Ummm, compressor stall in a jet engine?
When seconds count...the authorities are minutes away.
Unless it's expressly prohibited, it's allowed.
 
N766UA
Posts: 7984
Joined: Thu Jul 29, 1999 3:50 am

Re: Private pilot training question.

Sat Jun 09, 2018 9:00 pm

Starlionblue wrote:
Conniston wrote:
Most likely practicing emergency procedures and the instructor simulating an engine failure by retarding the throttle to idle. The pop was from the throttle being closed too quickly, resulting in unburned fuel detonating in the exhaust.

In aviation we avoid using the word "stall" is reserved for the aerodynamic phenomenon, it's not used in any relation to the power plant to avoid confusion. But to answer your question, the engine is never shut down on purpose for training, engine failures are simulated by retarding the power to idle.


The term "engine stall" is used in jet engines to describe a flow disruption.


No it isn’t. Compressor fan blades experience stalls; engines do not.
fr8mech wrote:
Conniston wrote:
In aviation we avoid using the word "stall" is reserved for the aerodynamic phenomenon, it's not used in any relation to the power plant to avoid confusion.


Ummm, compressor stall in a jet engine?

Not related to the operation of the engine. Again, the fan blade is stalling, in exactly the same way a wing stalls: airflow disruption. It’s purely aerodynamic.
 
User avatar
fr8mech
Posts: 7118
Joined: Mon Sep 26, 2005 9:00 am

Re: Private pilot training question.

Sat Jun 09, 2018 11:27 pm

Not related to the engine? Of course it is. When the fan or compressor stalls, or surges, you most certainly affect the operation of the engine, to include the very real possibility of a flameout.

So, yes, there word stall is used when we describe power plant faults on aircraft.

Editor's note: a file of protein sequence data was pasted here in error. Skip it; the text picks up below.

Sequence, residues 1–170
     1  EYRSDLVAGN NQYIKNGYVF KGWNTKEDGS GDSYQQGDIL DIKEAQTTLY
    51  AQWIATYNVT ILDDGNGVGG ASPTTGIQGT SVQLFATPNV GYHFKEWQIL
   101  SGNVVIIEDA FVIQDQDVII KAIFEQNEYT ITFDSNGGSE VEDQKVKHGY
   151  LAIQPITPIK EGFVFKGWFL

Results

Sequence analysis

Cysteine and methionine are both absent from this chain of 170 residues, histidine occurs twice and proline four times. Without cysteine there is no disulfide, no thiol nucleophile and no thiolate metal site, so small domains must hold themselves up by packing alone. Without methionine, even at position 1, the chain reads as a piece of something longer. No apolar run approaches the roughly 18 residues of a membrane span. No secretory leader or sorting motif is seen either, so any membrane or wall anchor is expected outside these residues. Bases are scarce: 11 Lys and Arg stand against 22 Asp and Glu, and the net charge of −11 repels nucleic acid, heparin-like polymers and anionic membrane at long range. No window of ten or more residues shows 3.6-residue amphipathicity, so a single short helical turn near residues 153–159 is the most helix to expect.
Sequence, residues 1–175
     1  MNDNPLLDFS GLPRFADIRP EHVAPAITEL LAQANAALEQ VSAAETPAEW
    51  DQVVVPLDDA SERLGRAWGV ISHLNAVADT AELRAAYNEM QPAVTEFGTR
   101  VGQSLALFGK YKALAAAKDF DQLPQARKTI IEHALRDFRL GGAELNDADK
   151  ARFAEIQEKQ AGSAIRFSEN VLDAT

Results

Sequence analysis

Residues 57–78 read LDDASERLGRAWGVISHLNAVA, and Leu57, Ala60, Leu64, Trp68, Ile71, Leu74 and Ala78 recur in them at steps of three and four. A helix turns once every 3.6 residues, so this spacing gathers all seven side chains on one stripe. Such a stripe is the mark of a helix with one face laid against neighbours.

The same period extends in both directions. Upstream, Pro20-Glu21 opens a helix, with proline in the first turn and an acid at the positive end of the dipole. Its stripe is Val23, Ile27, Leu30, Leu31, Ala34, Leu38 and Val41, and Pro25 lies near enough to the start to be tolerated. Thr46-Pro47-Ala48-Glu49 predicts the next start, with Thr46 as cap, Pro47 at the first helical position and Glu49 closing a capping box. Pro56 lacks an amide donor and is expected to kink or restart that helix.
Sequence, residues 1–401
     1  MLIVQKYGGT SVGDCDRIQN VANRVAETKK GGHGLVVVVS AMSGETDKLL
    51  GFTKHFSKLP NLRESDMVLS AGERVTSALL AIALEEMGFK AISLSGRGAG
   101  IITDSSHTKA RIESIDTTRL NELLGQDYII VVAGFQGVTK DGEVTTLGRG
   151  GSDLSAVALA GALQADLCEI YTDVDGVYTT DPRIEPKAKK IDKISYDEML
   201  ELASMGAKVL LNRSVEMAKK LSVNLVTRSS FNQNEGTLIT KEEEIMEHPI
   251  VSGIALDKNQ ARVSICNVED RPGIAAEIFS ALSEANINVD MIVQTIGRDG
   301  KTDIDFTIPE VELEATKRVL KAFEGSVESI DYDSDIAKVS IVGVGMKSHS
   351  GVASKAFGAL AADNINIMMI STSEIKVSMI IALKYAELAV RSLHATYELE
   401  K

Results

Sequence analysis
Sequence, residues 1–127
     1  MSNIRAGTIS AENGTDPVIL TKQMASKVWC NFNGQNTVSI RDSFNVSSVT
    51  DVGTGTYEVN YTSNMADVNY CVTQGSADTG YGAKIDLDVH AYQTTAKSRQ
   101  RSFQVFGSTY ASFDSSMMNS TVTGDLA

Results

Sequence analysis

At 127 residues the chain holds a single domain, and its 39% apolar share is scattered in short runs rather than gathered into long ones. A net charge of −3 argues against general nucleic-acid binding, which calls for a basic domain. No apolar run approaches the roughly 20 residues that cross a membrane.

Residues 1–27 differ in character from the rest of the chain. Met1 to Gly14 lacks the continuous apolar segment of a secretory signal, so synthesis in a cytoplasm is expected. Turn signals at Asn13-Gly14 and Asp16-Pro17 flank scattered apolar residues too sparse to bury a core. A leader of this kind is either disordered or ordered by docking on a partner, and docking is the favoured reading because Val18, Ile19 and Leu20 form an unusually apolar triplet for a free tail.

When seconds count...the authorities are minutes away.
Unless it's expressly prohibited, it's allowed.
 
N766UA
Posts: 7984
Joined: Thu Jul 29, 1999 3:50 am

Re: Private pilot training question.

Sun Jun 10, 2018 1:05 am

fr8mech wrote:
Not related to the engine? Of course it is. When the fan or compressor stalls, or surges, you most certainly affect the operation of the engine, to include the very real possibility of a flameout.

So, yes, there word stall is used when we describe power plant faults on aircraft.


That’s entirely misleading and inaccurate. The term “stall” is used to describe airflow disruptions that can have *effects* on turbine engines. You are describing the *symptoms* of a compressor stall; its effects (which are related, obviously). The actual *stall* is a disruption of airflow, in this case over a fan blade or blades, and the stall itself can happen regardless of the overall health of the engine. Therefore, the compressor stall and its root cause have nothing to do with the engine itself, and one would never refer to an engine fault that did not involve disrupted airflow as a “stall,” as that word is purely used to describe aerodynamics, not mechanical parts. Do you see what I’m saying here?
 
User avatar
fr8mech